Some parents have children that are talented in school. Some have children that are talented actors, artists, athletes, or writers. I believe myself to be the most fortunate of parents, because my son’s talent is that of being a great person, one without selfishness of any kind and one who always cares about his fellow human beings. Normally, this space (at least for me) has been reserved for my negative rants of misanthropy, but as I said to my wife yesterday when she mentioned that, with two shows with my band on Friday and Saturday night, “You didn’t even HAVE a weekend”, I replied “My whole weekend was in that 1 moment when my son’s face lit up”, and I’d trade every weekend’s extra hours for those types of moments. I’m not a perfect parent, and my son is by no means perfect, but he is as wonderful and pure a loving person as exists in the world, and I wanted to take a moment to say that. Thanks for reading and listening.

    • Lisa 8:51 am on January 24, 2011 Permalink | Reply

      Thanks for posting this, Ken :o) Your son is truly a sweetheart and has a big heart. He sounds like he is the type that will keep on trying and perservering in life with heart and determination and you have taught him well. You are really a great daddy too. I cried just reading your story….but I’m not a “tough guy” like you…hee hee :o) Iknow your eyes were just watering…hee hee.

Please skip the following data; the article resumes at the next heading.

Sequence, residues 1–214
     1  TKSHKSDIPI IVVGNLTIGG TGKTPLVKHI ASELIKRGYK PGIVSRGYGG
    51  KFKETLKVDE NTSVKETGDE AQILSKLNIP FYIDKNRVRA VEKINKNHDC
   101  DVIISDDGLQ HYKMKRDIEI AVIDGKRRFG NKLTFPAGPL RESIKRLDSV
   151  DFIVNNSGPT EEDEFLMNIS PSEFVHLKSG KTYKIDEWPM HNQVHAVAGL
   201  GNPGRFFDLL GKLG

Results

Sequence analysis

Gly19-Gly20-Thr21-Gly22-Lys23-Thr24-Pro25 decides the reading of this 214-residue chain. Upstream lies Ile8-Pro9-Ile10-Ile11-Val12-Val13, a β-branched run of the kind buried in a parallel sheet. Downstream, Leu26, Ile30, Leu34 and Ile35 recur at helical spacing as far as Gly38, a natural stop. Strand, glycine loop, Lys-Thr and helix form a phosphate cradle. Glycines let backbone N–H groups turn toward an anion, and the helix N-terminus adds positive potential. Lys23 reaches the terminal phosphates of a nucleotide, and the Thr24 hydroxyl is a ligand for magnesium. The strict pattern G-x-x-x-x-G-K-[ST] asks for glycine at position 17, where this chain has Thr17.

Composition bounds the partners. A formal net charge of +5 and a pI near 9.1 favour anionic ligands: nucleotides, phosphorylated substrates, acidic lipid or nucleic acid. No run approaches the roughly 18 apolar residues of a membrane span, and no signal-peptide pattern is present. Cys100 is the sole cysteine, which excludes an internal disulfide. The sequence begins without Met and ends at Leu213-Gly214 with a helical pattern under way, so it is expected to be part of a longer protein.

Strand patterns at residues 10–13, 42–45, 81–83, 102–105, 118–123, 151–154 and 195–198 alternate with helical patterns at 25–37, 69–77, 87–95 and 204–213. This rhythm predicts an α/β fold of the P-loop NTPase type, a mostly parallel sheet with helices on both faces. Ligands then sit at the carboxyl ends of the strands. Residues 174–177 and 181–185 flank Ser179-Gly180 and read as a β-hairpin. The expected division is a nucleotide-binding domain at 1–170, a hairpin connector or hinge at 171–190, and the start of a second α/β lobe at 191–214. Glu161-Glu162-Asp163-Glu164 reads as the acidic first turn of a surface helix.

• Kenny 9:03 am on January 24, 2011 Permalink | Reply

        Thanks, Lisa! That’s very sweet of you … and yes, they were!

    • Karen 10:12 am on January 24, 2011 Permalink | Reply

      There is always room on this blog to be a proud parent, Kenny. I enjoyed reading your entry, and it is obvious Cathy and you are giving Donovan a great foundation without treating Donovan as a mere extension of yourselves. That is cool.

      • Kenny 10:18 am on January 24, 2011 Permalink | Reply

        Thanks, Karen! Yeah, definitely wouldn’t treat him as a exKension. He’s his own person, and though he does have some of my better qualities, he’s just SO much better than I am as a person. He gets most of his pure, unadulterated goodness from his mom 🙂 Thanks for reading and for the appreciation. I hesitated to write the story, but I had to share it.

    • chipc 9:18 am on April 26, 2011 Permalink | Reply

      Kenny – that’s a great story! Scouting was very important to me growing up, and I hope my 3 year old boy embraces it as well . . . You did a great thing for your son, and I’m sure he learned some great lessons with you letting him build his car – I wish more Scout dad’s did that. Cheers!

      • Kenny 10:03 am on April 26, 2011 Permalink | Reply

        Chip, thanks so much for reading and for the reply. We obviously haven’t done anything new in a while and must get on that.

    • Lois Parker 3:14 pm on November 1, 2011 Permalink | Reply

      I know this was posted ages ago but just followed a link from an old log of mine…lovely article and I so agree that enabling children to realise their ideas is important. One of my favourite all time moments was my four year old grand-daughter sitting on my knee and telling me how to draw a five foot high horse on a white board – she combined a plan and side view in a way I would never have thought of. I felt there was a direct link from her imagination to the pen through my arm. Just wish I had taken a photo.

  • Kenny 3:26 pm on September 14, 2010 Permalink | Reply  

    A message to all the “followers” out there … it’s called THINK FOR YOURSELVES!!!